ESTHER PHILLIPS: ‘Capricorn Princess’ (Soul Music Records)

  • Home
  • Reviews
  • ESTHER PHILLIPS: ‘Capricorn Princess’ (Soul Music Records)

This Galveston gal’s raspy, nasal voice was never going to win any prizes in a vocal beauty contest but, like Billie Holiday, she knew how to pour her heart and soul into a song and make it her own. By the time she arrived at Creed Taylor’s Kudu label in 1972, Phillips was trying to rebuild a career that had begun so promisingly when she was a teenager in the early 1950s (she scored three R&B numbers ones in 1950 alone in the guise of Little Esther) but which had dipped dramatically due to drug addiction problems which followed her most of her life thereafter. In 1975, Phillips, then forty, had a big crossover hit with ‘What A Diff’rence A Day Makes’ – a disco revamp of an old Dinah Washington tune – and she followed it up a mirrorball take on another old chestnut, ‘For All We Know,’ in early ’76. In early ’77, Kudu released this, the singer’s seventh and final Kudu album, which has only been on CD once before and is now reissued again by Soul Music Records.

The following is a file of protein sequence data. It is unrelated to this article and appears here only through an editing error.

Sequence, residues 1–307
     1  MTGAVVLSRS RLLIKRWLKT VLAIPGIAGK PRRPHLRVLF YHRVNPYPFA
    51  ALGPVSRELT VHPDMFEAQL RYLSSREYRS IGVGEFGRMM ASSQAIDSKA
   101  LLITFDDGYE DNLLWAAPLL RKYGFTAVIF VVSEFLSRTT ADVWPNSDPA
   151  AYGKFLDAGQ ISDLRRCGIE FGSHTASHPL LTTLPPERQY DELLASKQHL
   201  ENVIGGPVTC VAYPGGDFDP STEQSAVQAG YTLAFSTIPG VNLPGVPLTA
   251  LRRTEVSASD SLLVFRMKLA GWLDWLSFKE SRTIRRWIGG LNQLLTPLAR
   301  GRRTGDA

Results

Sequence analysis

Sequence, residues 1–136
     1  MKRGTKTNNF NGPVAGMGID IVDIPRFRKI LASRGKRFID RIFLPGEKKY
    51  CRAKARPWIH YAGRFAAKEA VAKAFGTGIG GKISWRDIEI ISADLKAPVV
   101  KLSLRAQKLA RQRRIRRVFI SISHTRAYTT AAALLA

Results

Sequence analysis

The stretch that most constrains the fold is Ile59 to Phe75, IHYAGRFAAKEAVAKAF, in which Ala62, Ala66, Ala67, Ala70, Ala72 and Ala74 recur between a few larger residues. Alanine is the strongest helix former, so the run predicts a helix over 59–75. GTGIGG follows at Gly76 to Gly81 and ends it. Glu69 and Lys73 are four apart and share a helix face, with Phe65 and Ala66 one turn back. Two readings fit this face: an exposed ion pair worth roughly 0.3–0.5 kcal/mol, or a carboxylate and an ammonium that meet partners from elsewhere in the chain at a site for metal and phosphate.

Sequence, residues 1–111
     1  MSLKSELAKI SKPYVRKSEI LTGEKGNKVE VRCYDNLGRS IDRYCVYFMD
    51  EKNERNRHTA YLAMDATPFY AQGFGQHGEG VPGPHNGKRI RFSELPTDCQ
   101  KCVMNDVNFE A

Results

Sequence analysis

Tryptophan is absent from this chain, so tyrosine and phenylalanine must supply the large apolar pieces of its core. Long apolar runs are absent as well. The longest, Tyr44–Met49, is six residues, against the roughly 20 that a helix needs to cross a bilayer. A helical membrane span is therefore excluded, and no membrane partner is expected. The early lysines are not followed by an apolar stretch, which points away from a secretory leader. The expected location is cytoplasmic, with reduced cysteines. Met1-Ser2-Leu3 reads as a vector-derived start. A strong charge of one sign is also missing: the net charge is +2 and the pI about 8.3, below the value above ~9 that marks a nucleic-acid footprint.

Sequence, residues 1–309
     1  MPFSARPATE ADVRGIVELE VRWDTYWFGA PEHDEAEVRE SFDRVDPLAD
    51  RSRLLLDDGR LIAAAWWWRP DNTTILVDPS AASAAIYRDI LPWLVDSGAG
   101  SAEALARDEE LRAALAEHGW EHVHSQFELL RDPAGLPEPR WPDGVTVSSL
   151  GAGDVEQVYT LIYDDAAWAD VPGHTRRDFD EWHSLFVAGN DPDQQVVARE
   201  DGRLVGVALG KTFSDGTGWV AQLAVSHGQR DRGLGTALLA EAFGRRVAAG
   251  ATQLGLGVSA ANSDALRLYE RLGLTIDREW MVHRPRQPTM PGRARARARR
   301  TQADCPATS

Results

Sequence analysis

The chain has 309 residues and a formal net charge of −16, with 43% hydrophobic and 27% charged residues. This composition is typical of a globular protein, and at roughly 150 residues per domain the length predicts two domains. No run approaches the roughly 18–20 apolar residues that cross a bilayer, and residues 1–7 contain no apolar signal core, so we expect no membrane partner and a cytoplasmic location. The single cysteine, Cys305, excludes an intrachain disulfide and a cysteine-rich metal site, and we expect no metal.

Undoubtedly one of Phillips’ most underrated and under-appreciated records, ‘Capricorn Princess’ is well worth getting acquainted with. It opens with ‘Magic’s In The Air,’ a trippy slice of psychedelic disco-funk that begins with a fairground organ before a dance pulse and atmospheric strings pick up the pace. It’s one of those track that ends too soon but thankfully, Soul Music Records have dug out an extended 12-inch version of the track seamlessly segued with another dance cut, the pulsating ‘Boy, I Really Tried One On’, which appears as a bonus cut on this expanded issue. ‘All The Way Down’ and ‘Dream’ also find Phillips’ mining a slightly camp and cheesy disco groove – the arrangements, by the way, are by the redoubtable Dave Matthews – but as well as uptempo cuts, there are some striking ballads, such as ‘I Haven’t Got Anything Better To Do,’ and ‘Beautiful Friendship,’ where the singer’s superb interpretive skills inject a depth of feeling that most singers can’t even dream of achieving.

(CW) 3/5